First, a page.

New and improved, but still smallest
Image: Kommunalnet / Seilbahn Komperdell GmbH
In 2017, after 32 years and almost 30 million passengers, a three-stage, $28-million renovation programme was initiated at the Parkplatz and Seilbahn station.
Last year, station Zentrum was substantially enlarged and station Kirche was moved 80 metres to the east. It now has three levels, with access via escalators and elevators. Barriers have been removed, making it easier for all passengers to hop on and off. Newly-designed aerodynamic carriages in silver and red (pictured) will go into service in the spring of this year. The new trains will be remotely controlled, eliminating the need for drivers.
The line will not be extended, however, and no new branch lines are expected any time soon: the Dorfbahn in Serfaus is therefore likely to remain the world's shortest metro for some time to come.
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(1) By the German winter sports portal Skigebiete-Test, from a total of 250 areas. Zerfaus-Fiss-Ladis scored 89 out of 100, the same as Zermatt (#1, Switzerland), Ski Arlberg (#3, Austria) and Whistler Blackcomb (#4, Canada). Ultimate ranking was based on user feedback.
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It's one of the most consistent patterns in the unviverse. What causes it?
- Spinning discs are everywhere – just look at our solar system, the rings of Saturn, and all the spiral galaxies in the universe.
- Spinning discs are the result of two things: The force of gravity and a phenomenon in physics called the conservation of angular momentum.
- Gravity brings matter together; the closer the matter gets, the more it accelerates – much like an ice skater who spins faster and faster the closer their arms get to their body. Then, this spinning cloud collapses due to up and down and diagonal collisions that cancel each other out until the only motion they have in common is the spin – and voila: A flat disc.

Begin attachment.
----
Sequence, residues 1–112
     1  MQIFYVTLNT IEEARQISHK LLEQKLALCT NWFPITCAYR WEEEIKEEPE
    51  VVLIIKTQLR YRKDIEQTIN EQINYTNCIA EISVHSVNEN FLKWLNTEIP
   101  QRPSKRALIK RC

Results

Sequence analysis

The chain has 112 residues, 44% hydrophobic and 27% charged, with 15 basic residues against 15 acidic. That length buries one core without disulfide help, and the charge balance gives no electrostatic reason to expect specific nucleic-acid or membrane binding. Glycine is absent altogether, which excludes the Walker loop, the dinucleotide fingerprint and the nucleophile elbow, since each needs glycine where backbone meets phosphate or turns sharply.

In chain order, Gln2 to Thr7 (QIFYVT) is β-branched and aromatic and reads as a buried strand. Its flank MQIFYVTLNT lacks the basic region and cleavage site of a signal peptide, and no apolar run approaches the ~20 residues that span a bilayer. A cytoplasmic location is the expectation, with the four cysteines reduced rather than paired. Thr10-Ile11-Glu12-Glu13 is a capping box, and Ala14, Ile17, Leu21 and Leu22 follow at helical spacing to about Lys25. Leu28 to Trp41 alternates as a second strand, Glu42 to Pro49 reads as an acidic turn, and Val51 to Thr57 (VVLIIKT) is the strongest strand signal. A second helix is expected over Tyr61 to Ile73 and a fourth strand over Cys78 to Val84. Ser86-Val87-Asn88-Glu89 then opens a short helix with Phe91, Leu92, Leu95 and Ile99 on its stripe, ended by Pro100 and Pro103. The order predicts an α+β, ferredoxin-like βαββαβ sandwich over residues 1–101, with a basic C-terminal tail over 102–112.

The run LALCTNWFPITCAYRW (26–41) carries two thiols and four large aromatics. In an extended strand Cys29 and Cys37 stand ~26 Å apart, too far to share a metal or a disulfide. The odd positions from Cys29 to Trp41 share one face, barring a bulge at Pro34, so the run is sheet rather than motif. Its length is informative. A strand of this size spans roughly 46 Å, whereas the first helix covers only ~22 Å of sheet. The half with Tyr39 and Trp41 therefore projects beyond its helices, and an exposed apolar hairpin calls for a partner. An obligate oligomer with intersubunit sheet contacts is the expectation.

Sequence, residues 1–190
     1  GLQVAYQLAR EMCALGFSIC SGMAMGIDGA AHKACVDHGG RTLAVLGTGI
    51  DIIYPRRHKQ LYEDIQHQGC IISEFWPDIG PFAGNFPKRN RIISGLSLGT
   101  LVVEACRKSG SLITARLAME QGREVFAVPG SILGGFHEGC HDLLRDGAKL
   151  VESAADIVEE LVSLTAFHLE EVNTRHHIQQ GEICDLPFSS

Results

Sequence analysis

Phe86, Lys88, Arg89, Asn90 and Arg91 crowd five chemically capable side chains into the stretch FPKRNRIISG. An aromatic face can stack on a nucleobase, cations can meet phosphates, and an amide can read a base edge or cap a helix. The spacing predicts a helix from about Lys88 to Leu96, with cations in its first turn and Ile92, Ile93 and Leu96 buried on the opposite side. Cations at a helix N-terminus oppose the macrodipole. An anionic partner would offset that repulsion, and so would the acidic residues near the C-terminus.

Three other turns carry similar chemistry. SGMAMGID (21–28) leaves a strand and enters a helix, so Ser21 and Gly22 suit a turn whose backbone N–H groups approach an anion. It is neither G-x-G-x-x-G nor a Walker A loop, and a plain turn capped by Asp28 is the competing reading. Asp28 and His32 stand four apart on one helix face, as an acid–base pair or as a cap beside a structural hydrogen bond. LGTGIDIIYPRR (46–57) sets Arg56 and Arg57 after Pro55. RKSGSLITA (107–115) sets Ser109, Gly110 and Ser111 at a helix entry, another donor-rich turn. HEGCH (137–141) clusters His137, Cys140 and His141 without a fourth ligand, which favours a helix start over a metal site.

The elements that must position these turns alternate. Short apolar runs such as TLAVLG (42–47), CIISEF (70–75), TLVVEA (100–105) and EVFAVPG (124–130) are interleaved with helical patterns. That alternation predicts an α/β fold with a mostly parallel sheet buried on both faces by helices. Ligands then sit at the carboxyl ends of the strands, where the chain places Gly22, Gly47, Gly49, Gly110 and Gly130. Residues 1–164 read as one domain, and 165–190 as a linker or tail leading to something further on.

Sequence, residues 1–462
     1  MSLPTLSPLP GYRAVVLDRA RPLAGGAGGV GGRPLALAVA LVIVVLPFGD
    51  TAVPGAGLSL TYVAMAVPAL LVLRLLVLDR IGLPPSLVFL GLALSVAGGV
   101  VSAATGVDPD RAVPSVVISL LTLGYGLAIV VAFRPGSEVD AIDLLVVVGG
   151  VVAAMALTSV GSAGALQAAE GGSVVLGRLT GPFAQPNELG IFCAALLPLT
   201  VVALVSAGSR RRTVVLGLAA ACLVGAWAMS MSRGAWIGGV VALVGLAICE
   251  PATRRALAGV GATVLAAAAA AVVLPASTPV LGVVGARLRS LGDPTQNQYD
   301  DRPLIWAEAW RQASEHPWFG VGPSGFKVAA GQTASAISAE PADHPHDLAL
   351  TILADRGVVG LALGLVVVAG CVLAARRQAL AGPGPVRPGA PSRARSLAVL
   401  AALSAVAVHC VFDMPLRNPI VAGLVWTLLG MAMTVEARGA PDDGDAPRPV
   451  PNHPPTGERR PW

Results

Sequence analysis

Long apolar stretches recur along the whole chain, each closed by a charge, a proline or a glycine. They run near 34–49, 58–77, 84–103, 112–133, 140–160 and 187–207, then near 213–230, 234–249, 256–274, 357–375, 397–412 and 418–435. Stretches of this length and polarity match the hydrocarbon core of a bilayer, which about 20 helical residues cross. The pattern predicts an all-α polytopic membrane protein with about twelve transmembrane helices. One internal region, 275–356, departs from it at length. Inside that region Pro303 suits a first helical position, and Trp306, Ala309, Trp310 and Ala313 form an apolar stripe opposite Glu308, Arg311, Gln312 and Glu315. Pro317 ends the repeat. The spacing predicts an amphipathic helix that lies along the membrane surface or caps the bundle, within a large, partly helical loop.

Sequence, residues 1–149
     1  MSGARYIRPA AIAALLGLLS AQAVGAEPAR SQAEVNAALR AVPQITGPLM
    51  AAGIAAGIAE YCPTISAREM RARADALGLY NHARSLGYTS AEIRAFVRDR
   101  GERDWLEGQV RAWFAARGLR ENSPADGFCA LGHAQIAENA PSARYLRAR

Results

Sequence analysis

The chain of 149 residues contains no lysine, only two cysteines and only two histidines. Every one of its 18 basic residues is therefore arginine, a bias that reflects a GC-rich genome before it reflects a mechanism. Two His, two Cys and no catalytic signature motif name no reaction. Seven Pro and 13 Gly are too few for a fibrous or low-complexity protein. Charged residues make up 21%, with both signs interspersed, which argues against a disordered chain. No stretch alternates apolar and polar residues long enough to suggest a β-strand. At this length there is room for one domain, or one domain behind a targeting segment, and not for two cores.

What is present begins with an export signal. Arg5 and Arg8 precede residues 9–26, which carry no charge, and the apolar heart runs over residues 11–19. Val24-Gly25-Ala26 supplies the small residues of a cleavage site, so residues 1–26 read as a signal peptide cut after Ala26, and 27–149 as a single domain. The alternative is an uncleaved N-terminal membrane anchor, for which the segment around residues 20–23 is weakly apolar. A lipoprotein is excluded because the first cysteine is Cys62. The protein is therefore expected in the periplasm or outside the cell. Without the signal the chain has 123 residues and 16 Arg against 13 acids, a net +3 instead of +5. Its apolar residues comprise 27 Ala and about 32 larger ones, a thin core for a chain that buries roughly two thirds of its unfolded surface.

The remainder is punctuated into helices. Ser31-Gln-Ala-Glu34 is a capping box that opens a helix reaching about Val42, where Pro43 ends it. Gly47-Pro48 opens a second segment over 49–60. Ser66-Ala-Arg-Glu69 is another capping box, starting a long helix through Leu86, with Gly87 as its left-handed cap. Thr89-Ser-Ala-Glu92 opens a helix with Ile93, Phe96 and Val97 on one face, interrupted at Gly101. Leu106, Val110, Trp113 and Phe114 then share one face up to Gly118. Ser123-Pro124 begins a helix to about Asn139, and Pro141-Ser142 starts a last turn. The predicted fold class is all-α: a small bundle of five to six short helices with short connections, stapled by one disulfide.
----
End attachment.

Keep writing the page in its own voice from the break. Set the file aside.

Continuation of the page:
It turns out, that tattoo ink can travel throughout your body and settle in lymph nodes.
In the slightly macabre experiment to find out where tattoo ink travels to in the body, French and German researchers recently used synchrotron X-ray fluorescence in four "inked" human cadavers — as well as one without. The results of their 2017 study? Some of the tattoo ink apparently settled in lymph nodes.
Image from the study.
As the authors explain in the study — they hail from Ludwig Maximilian University of Munich, the European Synchrotron Radiation Facility, and the German Federal Institute for Risk Assessment — it would have been unethical to test this on live animals since those creatures would not be able to give permission to be tattooed.
Because of the prevalence of tattoos these days, the researchers wanted to find out if the ink could be harmful in some way.
"The increasing prevalence of tattoos provoked safety concerns with respect to particle distribution and effects inside the human body," they write.
It works like this: Since lymph nodes filter lymph, which is the fluid that carries white blood cells throughout the body in an effort to fight infections that are encountered, that is where some of the ink particles collect.
Image by authors of the study.
Titanium dioxide appears to be the thing that travels. It's a white tattoo ink pigment that's mixed with other colors all the time to control shades.
The study's authors will keep working on this in the meantime.
“In future experiments we will also look into the pigment and heavy metal burden of other, more distant internal organs and tissues in order to track any possible bio-distribution of tattoo ink ingredients throughout the body. The outcome of these investigations not only will be helpful in the assessment of the health risks associated with tattooing but also in the judgment of other exposures such as, e.g., the entrance of TiO2 nanoparticles present in cosmetics at the site of damaged skin."
Do you have a magnetic compass in your head?